Long-time readers of Keddels will know that we love chips (or, as our UK readers know them, crisps). Day One Keddelers also know that we’re potato chip purists and cannot tolerate anything on our tongues other than a kettle cooked chip. From Kettle’s’ bold blend of sweet and smoky Barbecue to the sharp tang of Dirty Chips’ Salt & Vinegar, and even the off-beat experimentations of Zapp’s’ Cajun Crawtators, we love it all. But, when it comes to the classic (plain, some might say) salt flavor, which kettle-cooked brand does it best?
Potatoes can be masked in all kinds of aromas and flavors, so a simple salt-flavored potato chip serves not just as the baseline, but the true test of a potato chip’s value. We decided to sit down with some of the most popular brands to really get a taste of which potato comes out on top. For this taste test, we mainly looked at crunch and flavor. We also rated each factor on a scale from 1 to 5.
This is what you expect a kettle-cooked potato chip to feel like—a hearty crunch that will have you orally fixated.
Not super greasy, and a pretty middle-of-the-road taste. This is what most people are familiar with. The salt was pretty inconsistent, however. Some chips barely had any salt, allowing the safflower oil to become more prominent, while others hit you with a nice amount of salt.
More inconstancy here than in any of the previous brands. Some chips were actually the crunchiest and hardest chips out of any while others felt thin and stale.
Zapp’s also uses peanut oil in their blend, but it’s sometimes blended with canola, corn, or sunflower oil. The batch that I got tasted like the oil blend, which I honestly enjoyed more than just the straight peanut oil used in Dirty chips. Oddly, it reminded me a little of communion wafers. The saltiness was spot on, though.
I wish the crunch was more consistent throughout the bag. When one chip was thick and rigid, it was spot on. The next chip, however, fell into thin and stale territory.
Not the saltiest of the lot, but not the blandest either. Some of the chips tasted like they weren’t prepared in the right temperature of water, though, leaving some chips with brown spots that weren’t so appetizing. The use of peanut oil really comes through (probably because we’re so used to vegetable oil in our chips). While it’s an interesting and uncommon flavor profile, it might turn some people off (and have life-threatening consequences for others).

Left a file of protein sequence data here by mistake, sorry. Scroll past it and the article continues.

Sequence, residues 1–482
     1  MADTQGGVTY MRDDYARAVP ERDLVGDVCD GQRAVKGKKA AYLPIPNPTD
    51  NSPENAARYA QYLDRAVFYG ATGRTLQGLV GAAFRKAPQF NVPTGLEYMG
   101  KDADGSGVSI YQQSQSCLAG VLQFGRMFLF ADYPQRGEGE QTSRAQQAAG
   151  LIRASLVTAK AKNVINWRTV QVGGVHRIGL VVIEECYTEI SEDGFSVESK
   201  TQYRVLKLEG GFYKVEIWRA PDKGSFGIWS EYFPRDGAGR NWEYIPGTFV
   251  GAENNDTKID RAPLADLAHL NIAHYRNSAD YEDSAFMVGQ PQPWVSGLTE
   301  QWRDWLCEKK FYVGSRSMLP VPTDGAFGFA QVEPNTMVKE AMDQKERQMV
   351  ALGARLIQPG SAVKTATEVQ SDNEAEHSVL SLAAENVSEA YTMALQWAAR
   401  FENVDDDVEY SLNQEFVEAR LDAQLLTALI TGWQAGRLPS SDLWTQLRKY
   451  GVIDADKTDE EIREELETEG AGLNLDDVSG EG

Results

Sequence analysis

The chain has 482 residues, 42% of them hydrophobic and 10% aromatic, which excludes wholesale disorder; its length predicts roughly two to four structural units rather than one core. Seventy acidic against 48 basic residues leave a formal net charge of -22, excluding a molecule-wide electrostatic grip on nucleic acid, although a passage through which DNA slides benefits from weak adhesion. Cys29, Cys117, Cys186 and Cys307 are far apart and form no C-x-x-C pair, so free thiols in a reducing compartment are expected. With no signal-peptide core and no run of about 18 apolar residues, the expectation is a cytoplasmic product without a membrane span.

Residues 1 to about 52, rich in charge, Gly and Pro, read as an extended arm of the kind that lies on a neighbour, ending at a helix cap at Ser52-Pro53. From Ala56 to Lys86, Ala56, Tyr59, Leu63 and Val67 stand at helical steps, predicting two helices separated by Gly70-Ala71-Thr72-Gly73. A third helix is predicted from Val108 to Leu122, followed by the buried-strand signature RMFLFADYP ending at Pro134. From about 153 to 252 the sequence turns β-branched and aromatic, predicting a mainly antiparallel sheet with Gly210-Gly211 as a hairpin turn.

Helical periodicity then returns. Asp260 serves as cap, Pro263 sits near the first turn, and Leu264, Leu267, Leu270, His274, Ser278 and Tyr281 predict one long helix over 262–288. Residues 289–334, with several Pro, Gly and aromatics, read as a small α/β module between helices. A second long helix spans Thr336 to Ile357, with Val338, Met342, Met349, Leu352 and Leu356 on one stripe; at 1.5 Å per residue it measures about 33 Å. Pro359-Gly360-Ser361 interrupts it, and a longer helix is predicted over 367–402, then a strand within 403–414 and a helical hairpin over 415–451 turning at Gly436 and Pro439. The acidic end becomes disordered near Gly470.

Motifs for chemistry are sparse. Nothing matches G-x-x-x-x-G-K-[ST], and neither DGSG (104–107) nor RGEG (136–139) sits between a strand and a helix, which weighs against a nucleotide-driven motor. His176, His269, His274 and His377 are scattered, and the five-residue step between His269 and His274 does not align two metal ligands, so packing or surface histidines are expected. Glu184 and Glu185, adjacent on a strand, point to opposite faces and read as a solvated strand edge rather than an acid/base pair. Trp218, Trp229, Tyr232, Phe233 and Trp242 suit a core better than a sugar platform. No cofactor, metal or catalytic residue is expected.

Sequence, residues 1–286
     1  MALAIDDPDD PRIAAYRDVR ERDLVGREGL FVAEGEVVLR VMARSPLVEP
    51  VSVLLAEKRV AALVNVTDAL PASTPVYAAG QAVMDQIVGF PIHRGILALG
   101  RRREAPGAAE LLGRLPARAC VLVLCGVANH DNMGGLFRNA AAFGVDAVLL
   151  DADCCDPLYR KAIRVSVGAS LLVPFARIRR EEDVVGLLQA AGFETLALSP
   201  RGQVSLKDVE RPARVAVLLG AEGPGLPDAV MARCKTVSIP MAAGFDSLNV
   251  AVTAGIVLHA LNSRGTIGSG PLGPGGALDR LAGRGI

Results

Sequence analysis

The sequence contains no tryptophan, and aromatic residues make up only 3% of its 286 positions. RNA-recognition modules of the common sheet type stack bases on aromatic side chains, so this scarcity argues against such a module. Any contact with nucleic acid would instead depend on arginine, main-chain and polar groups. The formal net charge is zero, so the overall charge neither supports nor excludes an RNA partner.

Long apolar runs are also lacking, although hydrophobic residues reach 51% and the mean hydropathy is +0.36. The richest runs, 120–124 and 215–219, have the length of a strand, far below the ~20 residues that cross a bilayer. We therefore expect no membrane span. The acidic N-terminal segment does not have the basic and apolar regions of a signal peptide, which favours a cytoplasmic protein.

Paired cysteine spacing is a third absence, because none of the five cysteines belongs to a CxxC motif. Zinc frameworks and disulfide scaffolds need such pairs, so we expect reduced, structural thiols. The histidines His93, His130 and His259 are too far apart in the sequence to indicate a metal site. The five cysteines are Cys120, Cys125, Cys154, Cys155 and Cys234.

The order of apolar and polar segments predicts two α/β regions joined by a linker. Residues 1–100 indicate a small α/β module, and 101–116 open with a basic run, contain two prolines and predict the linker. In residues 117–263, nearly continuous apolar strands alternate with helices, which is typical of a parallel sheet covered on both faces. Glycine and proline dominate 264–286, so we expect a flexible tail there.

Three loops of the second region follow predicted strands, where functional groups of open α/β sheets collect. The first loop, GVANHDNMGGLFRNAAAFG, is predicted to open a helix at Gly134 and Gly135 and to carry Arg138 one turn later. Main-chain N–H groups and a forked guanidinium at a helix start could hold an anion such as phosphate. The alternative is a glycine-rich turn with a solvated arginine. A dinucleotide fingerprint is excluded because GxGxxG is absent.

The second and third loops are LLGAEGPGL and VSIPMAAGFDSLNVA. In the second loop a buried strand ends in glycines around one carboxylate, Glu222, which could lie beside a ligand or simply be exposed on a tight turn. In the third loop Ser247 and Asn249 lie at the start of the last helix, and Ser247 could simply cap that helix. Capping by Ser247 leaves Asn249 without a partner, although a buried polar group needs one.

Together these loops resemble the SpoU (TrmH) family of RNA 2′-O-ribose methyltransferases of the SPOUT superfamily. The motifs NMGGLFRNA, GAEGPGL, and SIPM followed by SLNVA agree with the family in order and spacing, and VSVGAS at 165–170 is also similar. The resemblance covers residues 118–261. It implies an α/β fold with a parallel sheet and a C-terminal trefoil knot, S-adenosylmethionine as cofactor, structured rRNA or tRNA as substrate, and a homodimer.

Lay’s Kettle Cooked
Not the thickest or most jaw-tiring crunch, but it’s going to keep most people satisfied.
If you liked the true Lay’s Classic un-kettle cooked chips, you’ll like the flavor of these. Imagine taking the original Lay’s and making them crunchier and a bit less greasy. The oil they use is a blended vegetable oil (sunflower, corn, and/or canola).
A nice, stiff chip, these English potatoes have a fairly airy texture when you bite into them. That’s not to say that you’ll find sizeable air bubbles, but it’s almost as though they’re puffy. But again, a better crunch than most.
Nice, large slices of potato. The flavor is not overpowering, and there’s no funny business—snowden potatoes with sunflower oil and sea salt. Tyrell’s has a sophisticated balance of salt and oil where others tip the scales to their detriment. This was the best-tasting chip of the group.
Thick slices and the right amount of oil gave Luke’s chips just the kind of crunch I hope for with kettle-cooked potato chips. I might have given them a higher score here if it weren’t for a few chips that weren’t pulling their weight in this crucial department. I’ve seen better consistency with other brands.
Luke’s Organic really strives to push their crunchy (pun intended) leanings. Aside from hailing from Santa Cruz, the ingredients read as follows: “Luke’s organic potatoes, Luke’s organic sustainable oil blend (red palm fruit oil, and avocado oil), sea salt.” Though the chips themselves had a really nice crunch, the unique blend of red palm fruit oil and avocado oil gave such a unique flavor that I wasn’t sure I was eating a potato so much as tree bark. That being said, it did grow on me. But, there was a learning curve of sorts. Could have used a touch more salt, too. This was the worst-tasting chip of the group.
Above average crunch that’s really satisfying.
Similar flavor to Tyrell’s chips (they both use sunflower oil). But you can tell right off the bat that Deep River uses more oil and more salt.
Utz Kettle Classics
There was some good crunch happening with these Utz chips and the large slices of potatoes that I was getting in this batch only help. They were decently thick and the oil hadn’t oversaturated them.
The peanut oil here didn’t have such a strong peanut flavor like the Dirty chips had and I appreciated that.
Wise chips have a decent amount of crunch, but it felt like the crunch wasn’t as brittle as I’d like. Because these chips were more greasy, I suspect that the sheer amount of oil prevented a truly satisfying cronch. I wasn’t very happy with the size of these chips. Most chips were fairly small.
Though the potatoes were cooked decently, there was just bit too much oil and even more salt going on that made me feel like I wouldn’t have been happy eating even their smallest available size. This one should come with napkins and a water bottle.